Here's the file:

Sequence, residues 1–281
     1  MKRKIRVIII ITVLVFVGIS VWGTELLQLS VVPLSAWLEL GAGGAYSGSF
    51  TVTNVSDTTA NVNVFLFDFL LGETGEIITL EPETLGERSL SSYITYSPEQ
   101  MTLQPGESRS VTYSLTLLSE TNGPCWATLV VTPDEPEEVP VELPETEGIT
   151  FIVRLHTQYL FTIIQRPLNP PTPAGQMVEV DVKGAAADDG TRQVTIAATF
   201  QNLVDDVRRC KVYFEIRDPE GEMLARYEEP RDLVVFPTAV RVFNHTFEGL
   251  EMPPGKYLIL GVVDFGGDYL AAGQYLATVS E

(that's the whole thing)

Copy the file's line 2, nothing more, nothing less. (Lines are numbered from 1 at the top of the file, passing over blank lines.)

     1  MKRKIRVIII ITVLVFVGIS VWGTELLQLS VVPLSAWLEL GAGGAYSGSF